DataSheet_1_Role of CXCL5 in Regulating Chemotaxis of Innate and Adaptive Leukocytes in Infected Lungs Upon Pulmonary Influenza Infection.pdf (3.91 MB)
Download file

DataSheet_1_Role of CXCL5 in Regulating Chemotaxis of Innate and Adaptive Leukocytes in Infected Lungs Upon Pulmonary Influenza Infection.pdf

Download (3.91 MB)
dataset
posted on 18.11.2021, 05:04 authored by Lei Guo, Nan Li, Zening Yang, Heng Li, Huiwen Zheng, Jinxi Yang, Yanli Chen, Xin Zhao, Junjie Mei, Haijing Shi, G. Scott Worthen, Longding Liu

Respirovirus such as influenza virus infection induces pulmonary anti-viral immune response, orchestration of innate and adaptive immunity restrain viral infection, otherwise causes severe diseases such as pneumonia. Chemokines regulate leukocyte recruitment to the inflammation site. One chemokine CXCL5, plays a scavenging role to regulate pulmonary host defense against bacterial infection, but its role in pulmonary influenza virus infection is underdetermined. Here, using an influenza (H1N1) infected CXCL5-/- mouse model, we found that CXCL5 not only responds to neutrophil infiltration into infected lungs at the innate immunity stage, but also affects B lymphocyte accumulation in the lungs by regulating the expression of the B cell chemokine CXCL13. Inhibition of CXCL5-CXCR2 axis markedly induces CXCL13 expression in CD64+CD44hiCD274hi macrophages/monocytes in infected lungs, and in vitro administration of CXCL5 to CD64+ alveolar macrophages suppresses CXCL13 expression via the CXCL5-CXCR2 axis upon influenza challenge. CXCL5 deficiency leads to increased B lymphocyte accumulation in infected lungs, contributing to an enhanced B cell immune response and facilitating induced bronchus-associated lymphoid tissue formation in the infected lungs during the late infection and recovery stages. These data highlight multiple regulatory roles of CXCL5 in leukocyte chemotaxis during pulmonary influenza infection.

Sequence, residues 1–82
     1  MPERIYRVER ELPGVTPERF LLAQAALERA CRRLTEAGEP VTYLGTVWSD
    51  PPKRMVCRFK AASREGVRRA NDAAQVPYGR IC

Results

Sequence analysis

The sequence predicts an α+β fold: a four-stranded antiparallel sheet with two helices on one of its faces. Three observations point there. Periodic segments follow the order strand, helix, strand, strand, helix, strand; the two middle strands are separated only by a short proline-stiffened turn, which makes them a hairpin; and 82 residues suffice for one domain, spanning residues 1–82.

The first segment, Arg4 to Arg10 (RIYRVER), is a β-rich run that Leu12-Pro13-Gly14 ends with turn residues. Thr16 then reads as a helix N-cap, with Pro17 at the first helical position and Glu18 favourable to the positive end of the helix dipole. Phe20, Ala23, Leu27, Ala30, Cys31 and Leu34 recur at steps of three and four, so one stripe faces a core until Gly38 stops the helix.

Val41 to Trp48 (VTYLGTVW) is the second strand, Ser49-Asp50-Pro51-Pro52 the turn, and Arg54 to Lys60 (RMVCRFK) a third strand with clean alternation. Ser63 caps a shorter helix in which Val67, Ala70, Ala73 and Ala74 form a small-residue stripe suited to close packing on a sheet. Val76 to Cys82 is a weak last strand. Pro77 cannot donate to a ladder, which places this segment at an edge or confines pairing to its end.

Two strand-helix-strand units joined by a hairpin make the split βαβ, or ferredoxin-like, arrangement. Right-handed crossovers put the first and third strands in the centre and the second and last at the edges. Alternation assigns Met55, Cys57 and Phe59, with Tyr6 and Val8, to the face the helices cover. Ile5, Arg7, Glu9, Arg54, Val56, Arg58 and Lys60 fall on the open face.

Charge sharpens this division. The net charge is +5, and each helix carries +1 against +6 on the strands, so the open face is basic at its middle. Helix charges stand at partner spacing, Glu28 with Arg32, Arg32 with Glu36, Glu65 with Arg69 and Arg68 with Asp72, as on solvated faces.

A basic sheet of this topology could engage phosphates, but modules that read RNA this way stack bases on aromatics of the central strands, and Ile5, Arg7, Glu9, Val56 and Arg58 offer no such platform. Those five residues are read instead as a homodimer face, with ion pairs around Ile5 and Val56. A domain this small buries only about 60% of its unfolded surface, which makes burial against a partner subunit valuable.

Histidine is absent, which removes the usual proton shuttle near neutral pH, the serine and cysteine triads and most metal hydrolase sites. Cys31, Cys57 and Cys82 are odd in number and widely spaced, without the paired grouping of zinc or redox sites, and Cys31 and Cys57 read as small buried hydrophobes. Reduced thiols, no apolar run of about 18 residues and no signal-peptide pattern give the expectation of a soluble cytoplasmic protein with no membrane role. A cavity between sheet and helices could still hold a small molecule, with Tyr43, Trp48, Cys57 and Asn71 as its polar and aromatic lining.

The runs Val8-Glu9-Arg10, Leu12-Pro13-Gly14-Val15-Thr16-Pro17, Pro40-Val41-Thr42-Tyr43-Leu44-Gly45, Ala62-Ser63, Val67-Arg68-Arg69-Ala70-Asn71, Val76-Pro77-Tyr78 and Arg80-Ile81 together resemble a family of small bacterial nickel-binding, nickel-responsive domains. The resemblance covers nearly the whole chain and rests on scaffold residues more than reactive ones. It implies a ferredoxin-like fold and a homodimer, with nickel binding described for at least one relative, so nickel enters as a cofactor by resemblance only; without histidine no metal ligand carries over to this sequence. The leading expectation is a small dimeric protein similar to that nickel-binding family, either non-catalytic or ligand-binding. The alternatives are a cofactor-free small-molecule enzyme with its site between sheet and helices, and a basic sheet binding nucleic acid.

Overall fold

History

References